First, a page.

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Democrats Continue to Delude Themselves About Obama's Failed Guantanamo Vow

By       Message Glenn Greenwald     Permalink
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From flickr.com/photos/50475964@N02/4698243224/: Guantanamo Bay Prison
Guantanamo Bay Prison
(Image by JTF Guantanamo)
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As everyone knows, "closing Guantanamo" was a centerpiece of the 2008 Obama campaign. In the Senate and then in the presidential campaign, Obama repeatedly and eloquently railed against the core, defining evil of Guantanamo: indefinite detention.

On the Senate floor, Obama passionately intoned in 2006: "As a parent, I can also imagine the terror I would feel if one of my family members were rounded up in the middle of the night and sent to Guantanamo without even getting one chance to ask why they were being held and being able to prove their innocence." During the 2008 campaign, he repeatedly denounced "the Bush Administration's attempt to create a legal black hole at Guantanamo."

In the seventh year of Obama's presidency, Guantanamo notoriously remains open, leaving one of his central vows unfulfilled. That, in turn, means that Democratic partisans have to scrounge around for excuses to justify this failure, to cast blame on someone other than the president, lest his legacy be besmirched. They long ago settled on the claim that blame (as always) lies not with Obama but with Congressional Republicans, who imposed a series of legal restrictions that impeded the camp's closing.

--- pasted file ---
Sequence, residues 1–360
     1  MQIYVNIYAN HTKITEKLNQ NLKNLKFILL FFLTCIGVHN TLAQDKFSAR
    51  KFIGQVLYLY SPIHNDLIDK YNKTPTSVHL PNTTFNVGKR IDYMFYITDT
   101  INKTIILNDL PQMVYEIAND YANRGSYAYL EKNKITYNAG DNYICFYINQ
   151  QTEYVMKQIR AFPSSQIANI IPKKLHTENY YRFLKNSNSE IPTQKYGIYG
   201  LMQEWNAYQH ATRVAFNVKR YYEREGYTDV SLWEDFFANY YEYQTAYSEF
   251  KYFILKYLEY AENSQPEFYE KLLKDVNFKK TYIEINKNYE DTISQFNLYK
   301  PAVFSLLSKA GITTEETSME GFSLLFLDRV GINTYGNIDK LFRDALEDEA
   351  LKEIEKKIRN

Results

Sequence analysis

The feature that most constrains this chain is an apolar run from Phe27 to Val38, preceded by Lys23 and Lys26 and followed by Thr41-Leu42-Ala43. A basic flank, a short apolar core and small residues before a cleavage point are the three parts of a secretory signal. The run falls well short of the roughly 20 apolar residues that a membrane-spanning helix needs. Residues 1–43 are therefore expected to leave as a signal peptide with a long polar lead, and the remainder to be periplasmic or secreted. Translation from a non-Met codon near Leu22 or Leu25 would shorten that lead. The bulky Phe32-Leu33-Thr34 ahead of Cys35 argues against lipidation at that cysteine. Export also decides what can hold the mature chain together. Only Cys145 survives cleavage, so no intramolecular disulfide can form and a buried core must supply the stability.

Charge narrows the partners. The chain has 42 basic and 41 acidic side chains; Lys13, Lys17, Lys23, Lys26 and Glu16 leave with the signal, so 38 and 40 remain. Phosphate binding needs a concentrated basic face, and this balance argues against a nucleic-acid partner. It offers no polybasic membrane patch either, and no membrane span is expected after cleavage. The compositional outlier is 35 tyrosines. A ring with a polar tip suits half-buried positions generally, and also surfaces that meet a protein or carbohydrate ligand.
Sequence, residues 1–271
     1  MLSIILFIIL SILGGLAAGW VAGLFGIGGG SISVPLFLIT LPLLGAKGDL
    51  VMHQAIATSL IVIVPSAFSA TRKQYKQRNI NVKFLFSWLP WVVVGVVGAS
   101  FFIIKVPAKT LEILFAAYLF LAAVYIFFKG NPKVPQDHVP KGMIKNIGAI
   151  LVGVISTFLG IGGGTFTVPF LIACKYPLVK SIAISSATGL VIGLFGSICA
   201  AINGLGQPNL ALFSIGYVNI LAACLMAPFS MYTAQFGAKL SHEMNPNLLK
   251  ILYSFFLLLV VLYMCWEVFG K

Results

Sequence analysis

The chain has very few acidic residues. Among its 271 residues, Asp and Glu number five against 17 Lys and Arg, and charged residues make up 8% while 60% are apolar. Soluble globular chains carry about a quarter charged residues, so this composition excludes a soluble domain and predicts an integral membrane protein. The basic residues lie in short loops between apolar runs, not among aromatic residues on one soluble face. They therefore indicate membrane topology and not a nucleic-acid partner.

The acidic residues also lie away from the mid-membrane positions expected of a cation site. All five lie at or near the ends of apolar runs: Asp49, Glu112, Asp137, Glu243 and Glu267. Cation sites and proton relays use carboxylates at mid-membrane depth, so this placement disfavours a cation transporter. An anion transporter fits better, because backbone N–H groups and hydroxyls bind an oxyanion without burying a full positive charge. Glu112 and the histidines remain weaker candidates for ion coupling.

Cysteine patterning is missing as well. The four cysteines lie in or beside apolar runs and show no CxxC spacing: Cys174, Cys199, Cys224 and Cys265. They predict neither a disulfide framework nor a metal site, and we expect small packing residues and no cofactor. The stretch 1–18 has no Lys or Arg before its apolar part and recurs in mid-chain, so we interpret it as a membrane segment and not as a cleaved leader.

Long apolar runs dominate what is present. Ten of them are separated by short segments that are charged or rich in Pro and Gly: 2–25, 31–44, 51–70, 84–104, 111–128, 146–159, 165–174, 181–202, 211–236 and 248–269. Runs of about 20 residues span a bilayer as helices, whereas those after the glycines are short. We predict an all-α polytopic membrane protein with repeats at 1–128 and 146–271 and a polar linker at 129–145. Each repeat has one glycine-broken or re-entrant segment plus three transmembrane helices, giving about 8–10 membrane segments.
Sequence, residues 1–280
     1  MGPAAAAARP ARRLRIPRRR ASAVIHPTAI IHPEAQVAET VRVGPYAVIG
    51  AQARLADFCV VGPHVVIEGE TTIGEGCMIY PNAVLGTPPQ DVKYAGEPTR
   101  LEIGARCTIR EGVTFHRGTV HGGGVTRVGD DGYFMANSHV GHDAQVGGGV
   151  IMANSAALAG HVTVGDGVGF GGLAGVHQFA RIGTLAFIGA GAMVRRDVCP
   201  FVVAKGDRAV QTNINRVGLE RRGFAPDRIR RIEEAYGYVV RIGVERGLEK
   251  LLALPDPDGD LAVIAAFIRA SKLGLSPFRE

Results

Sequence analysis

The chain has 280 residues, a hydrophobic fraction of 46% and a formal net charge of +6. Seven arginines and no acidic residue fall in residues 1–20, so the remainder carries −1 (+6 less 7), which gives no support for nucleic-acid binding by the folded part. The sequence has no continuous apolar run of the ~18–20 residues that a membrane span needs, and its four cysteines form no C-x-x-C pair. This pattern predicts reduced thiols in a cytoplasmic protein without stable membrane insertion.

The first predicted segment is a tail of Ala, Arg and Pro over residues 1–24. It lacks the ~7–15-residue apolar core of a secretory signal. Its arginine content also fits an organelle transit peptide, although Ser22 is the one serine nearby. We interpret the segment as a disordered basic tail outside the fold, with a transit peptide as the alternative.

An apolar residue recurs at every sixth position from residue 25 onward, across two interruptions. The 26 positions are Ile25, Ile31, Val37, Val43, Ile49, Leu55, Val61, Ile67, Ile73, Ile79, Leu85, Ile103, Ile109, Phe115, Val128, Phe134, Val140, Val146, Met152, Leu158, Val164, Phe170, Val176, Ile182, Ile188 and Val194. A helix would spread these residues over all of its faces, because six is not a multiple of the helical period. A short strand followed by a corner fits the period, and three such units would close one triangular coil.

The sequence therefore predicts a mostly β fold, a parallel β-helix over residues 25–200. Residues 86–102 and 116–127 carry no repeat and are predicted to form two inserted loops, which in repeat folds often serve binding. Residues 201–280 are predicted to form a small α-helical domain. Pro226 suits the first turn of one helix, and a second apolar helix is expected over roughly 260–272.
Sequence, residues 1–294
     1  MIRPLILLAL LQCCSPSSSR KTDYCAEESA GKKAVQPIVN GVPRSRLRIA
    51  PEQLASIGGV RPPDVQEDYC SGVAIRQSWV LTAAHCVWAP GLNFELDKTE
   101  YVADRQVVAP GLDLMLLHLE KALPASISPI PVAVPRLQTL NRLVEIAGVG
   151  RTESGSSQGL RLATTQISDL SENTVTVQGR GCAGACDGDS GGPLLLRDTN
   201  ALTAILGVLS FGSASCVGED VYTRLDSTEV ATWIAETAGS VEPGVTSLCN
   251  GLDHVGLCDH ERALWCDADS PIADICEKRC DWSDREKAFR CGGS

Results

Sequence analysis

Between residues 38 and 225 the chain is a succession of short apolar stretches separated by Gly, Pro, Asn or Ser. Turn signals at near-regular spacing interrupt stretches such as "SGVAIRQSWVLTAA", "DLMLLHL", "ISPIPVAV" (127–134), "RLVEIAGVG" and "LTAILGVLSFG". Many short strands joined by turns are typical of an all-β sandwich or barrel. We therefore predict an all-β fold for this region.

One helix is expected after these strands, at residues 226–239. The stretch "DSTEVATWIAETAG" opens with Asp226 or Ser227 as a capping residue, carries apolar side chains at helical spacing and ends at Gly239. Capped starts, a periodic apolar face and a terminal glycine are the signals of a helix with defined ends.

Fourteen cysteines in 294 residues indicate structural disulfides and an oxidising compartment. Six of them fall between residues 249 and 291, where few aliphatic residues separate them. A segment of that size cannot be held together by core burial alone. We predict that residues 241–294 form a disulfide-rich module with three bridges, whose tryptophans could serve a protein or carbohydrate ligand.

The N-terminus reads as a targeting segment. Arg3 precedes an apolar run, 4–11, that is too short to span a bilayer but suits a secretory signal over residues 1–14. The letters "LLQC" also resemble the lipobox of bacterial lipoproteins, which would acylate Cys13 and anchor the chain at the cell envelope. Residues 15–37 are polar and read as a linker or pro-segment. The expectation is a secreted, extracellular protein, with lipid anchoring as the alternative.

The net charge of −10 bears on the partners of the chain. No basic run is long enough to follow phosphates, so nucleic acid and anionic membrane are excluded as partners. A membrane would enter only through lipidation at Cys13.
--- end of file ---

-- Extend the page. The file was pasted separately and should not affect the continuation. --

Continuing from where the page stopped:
As I've documented many times over the last several years, that excuse, while true as far as it goes, does not remotely prove that Obama sought to fulfill his pledge. That's because Obama's plans never included an end to what he himself constantly described as the camp's defining evil: indefinite detention. To the contrary, he explicitly demanded the right to continue to imprison Guantanamo detainees without charges or trial -- exactly what made Guantanamo so evil in the first place -- based on the hideous new phrase "cannot be tried but too dangerous to release." Obama simply wanted to indefinitely imprison them somewhere else.

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In other words, Obama never sought to close Guantanamo in any meaningful sense but rather wanted to relocate it to a less symbolically upsetting location, with its defining injustice fully intact and, worse, institutionalized domestically. In that regard, his Guantanamo shell game was vintage Obama: He wanted to make a pretty, self-flattering symbolic gesture to get credit for "change" (I have closed Guantanamo) while not merely continuing but actually strengthening the abusive power that made it so odious in the first place.

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Glenn Greenwald is one of three co-founding editors of The Intercept. He is a journalist, constitutional lawyer, and author of four New York Times best-selling books on politics and law. His most recent book, No Place (more...)
 

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